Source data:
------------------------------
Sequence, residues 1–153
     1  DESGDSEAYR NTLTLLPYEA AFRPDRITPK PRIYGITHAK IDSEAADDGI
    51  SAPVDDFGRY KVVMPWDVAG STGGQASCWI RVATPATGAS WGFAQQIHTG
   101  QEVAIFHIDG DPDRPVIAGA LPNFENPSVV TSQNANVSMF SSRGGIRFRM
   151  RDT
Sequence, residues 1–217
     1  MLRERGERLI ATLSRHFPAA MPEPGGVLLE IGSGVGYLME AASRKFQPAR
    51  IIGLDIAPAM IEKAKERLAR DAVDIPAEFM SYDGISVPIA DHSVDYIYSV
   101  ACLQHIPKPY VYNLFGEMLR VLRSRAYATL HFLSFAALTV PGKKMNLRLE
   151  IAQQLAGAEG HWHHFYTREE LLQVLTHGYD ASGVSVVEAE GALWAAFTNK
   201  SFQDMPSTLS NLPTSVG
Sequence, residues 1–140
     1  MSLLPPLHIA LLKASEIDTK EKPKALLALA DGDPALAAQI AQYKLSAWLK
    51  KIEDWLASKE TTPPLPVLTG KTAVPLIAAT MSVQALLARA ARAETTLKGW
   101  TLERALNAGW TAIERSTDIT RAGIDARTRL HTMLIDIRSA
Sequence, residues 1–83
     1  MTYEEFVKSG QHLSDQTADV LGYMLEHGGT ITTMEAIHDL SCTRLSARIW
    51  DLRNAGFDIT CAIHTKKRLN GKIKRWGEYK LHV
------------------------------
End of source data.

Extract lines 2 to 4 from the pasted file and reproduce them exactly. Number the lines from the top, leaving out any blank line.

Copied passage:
     1  DESGDSEAYR NTLTLLPYEA AFRPDRITPK PRIYGITHAK IDSEAADDGI
    51  SAPVDDFGRY KVVMPWDVAG STGGQASCWI RVATPATGAS WGFAQQIHTG
   101  QEVAIFHIDG DPDRPVIAGA LPNFENPSVV TSQNANVSMF SSRGGIRFRM